Empower Her* Voice Theatre Collective introduces… ‘Spotlight: Female-Identifying and Non-Binary Voices in Theatre.’ This is a new series of interviews, released monthly, to broadcast the emerging and established voices of female-identifying and non-binary creatives within theatre.
Introducing Sarah Isaac
Sarah studied philosophy at King’s College London and was a member of the Royal Court’s writing programme and Kali Theatre’s Discovery programme. She was a finalist for the Park theatre’s Script Accelerator Course and has been longlisted for the Windsor Fringe Kenneth Branagh award for new writing and the Sultan Padamsee Playwriting Award. Recently, she was chosen to take part in “School of High Tide” and is currently under commission at Kali Theatre.
What was your first experience watching theatre?
It was a musical. My mum took me to see “Fiddler on the Roof” for my birthday.
What was the first play to make you want to write plays?
When I first read “View from a Bridge” Utterly heart-breaking and beautiful in equal measure.
Why theatre for you? Why is it the right form for you?
I just love the physicalness of it. There is something about “live” theatre that’s so emotionally engaging and fulfilling.
What influences your writing?
My family, my friends, my peers.
Which playwrights have influenced you the most?
There’s so many! Arthur Miller, Caryl Churchill, Edward Albee, Alice Childress, Lorraine Hansberry, Tanika Gupta, Rukhsana Ahmad, Yasmin Reza, David Hare and Duncan Macmillan.
How has the theatre industry changed over your time working?
I think post BLM there is a real momentum for change in terms of “representation”, diversity, and making new stories. I think in the coming months and years, we will see a real renaissance of plays finally being allowed a “space” in British theatre, that they just didn’t have 10 years ago.
What’s the hardest play you’ve ever written and why?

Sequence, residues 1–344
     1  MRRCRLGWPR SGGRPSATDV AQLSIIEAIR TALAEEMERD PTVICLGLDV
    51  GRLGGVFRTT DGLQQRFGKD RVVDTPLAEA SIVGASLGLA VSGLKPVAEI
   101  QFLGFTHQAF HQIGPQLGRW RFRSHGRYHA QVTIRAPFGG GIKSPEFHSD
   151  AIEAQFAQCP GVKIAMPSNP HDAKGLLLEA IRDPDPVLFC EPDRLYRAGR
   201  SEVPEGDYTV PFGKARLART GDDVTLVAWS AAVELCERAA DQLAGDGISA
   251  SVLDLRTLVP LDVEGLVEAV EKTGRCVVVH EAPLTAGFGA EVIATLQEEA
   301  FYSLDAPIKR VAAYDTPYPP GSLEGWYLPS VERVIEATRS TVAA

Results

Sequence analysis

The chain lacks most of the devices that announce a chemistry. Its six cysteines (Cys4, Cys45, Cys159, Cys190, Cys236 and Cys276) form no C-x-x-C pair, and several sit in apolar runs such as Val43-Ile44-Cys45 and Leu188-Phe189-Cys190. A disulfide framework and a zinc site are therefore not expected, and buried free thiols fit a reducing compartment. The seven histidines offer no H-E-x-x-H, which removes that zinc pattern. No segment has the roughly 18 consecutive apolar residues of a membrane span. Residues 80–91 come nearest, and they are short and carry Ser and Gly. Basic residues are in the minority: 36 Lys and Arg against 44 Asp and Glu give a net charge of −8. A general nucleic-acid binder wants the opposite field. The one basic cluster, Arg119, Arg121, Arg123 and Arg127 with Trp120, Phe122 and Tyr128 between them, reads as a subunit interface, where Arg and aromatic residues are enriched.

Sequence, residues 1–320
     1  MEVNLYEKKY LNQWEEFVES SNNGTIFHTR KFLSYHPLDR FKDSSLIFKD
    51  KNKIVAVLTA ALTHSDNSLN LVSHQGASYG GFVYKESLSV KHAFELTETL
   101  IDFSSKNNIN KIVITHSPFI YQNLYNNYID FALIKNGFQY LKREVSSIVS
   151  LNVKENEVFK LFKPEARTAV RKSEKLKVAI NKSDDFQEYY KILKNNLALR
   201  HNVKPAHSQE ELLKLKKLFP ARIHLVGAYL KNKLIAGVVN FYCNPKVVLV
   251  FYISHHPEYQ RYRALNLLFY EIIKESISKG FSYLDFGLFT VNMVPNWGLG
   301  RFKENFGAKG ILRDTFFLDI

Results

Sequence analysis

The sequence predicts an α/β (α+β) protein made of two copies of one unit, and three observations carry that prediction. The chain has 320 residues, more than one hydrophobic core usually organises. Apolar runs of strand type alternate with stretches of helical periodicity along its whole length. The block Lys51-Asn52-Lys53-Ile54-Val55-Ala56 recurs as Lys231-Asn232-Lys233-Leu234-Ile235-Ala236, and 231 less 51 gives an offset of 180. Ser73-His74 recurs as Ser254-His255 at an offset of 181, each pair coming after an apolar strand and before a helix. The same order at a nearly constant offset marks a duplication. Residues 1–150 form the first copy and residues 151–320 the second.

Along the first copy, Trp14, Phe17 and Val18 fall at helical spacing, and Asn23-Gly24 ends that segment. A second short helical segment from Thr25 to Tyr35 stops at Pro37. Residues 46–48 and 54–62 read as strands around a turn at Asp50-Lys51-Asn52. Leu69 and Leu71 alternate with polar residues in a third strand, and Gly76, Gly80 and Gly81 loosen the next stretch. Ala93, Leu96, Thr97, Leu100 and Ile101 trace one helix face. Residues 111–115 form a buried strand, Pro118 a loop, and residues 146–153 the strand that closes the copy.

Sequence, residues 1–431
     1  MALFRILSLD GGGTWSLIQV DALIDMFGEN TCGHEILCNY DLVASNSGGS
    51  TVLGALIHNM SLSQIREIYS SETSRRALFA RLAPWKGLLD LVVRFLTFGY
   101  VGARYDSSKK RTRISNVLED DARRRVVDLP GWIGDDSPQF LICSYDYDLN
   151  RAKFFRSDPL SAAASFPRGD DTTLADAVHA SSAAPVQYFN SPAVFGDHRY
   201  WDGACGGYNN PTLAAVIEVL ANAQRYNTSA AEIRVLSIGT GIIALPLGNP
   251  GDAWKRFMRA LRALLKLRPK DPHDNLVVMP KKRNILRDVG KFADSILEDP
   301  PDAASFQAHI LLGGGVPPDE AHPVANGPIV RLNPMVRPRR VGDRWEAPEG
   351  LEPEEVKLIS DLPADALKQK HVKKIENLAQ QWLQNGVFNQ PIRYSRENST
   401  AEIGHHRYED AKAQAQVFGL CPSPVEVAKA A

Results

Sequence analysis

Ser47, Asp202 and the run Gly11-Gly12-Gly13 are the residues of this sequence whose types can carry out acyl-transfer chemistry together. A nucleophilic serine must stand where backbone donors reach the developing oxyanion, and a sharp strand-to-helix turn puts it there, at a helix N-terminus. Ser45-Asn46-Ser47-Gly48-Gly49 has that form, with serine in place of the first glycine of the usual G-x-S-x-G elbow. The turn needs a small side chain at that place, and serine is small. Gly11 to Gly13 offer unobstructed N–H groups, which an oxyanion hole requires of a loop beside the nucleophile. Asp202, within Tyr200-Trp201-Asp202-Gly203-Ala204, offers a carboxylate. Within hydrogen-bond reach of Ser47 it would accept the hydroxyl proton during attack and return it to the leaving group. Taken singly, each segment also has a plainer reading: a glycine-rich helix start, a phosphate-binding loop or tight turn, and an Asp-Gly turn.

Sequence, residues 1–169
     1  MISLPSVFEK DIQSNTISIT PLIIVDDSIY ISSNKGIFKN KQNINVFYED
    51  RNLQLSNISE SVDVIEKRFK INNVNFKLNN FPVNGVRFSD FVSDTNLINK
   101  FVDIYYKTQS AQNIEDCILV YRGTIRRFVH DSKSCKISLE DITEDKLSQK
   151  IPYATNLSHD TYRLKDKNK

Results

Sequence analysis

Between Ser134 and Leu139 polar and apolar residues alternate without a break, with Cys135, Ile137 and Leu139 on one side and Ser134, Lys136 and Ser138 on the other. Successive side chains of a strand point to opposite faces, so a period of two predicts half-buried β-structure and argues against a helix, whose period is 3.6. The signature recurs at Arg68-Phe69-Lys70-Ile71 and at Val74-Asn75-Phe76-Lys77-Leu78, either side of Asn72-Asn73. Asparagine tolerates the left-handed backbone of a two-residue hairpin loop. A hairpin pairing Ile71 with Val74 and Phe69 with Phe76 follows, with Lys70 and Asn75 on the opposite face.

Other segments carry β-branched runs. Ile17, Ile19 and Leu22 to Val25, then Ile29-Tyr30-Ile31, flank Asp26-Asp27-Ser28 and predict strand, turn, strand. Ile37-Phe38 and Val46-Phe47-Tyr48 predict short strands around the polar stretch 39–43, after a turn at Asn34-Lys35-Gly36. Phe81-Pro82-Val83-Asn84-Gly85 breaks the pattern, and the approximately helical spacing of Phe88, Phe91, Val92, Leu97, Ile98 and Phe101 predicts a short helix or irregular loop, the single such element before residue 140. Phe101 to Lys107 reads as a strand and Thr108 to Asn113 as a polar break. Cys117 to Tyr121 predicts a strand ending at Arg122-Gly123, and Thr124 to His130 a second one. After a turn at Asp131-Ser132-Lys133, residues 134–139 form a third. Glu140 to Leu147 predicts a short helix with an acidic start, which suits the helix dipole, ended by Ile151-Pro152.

It’s the one that I am currently writing! I think when you’re writing a play it’s constantly shifting and transforming- so you’re always trying to get to the version that does justice to the story and the characters.
Are there ideas and themes that you keep coming back to?
The “family” and the things people do to keep their families together, especially parents. As a second generation immigrant, I am acutely aware of all the sacrifices my parents made to get me here. Love and Family are huge themes for me.
What advice would you give to a woman wanting to work and write in theatre, but without obvious access streams?
Write to theatres. Write to playwrights. Write to directors. Write to everyone that you possibly can and ask if you can work with/for them. As an industry there are so many theatre-makers that would love to help and engage with emerging writers! Apply for every writing festival/competition on BBC
Writersroom and London Playwrights Blog and just keep on making work that you believe in and that you love. Don’t think about the obstacles. Be resilient. Be passionate. And you’ll get there!
Do critics and other creatives presume that you are writing autobiographically, because you are a woman?
Yes all the time! Wait till I write that play about Archangels- then hopefully it will stop!
What was it like writing for Kali Theatre?
An absolute joy! I was very fortunate to take part in their annual Discovery programme for emerging playwrights where writers are mentored by working theatre professionals to develop their work and take part in a final showcase for the theatre. It was an incredibly inspiring and nurturing environment to be part of.
Have you written in other forms?
Yes short stories and screenplays.
What are your top tips for emerging female playwrights who have not had formal training?
Watch as many plays as you can and then read as many as you can. If you can attend any of the brilliant playwrighting programmes that theatres put on ( for free) do it. It’s a brilliant way into the industry and you will supported and mentored by some fantastic folk! I was extremely lucky to have attended Kali’s Discovery Programme, The Royal Court’s Critical Mass Programme and Park Theatre’s Script Accelerator Course.
If you could go back to the beginning of your career, what would you tell yourself?
Don’t let rejection get you down. Write every day even if you don’t feel like it. Trust your instincts- work with people because you respect their values and how they “operate” in the industry. Don’t be afraid to walk away from projects/people if you think your integrity is being compromised.
What are you writing next?
I’m currently under commission at Kali for a double-bill that’s coming out next year!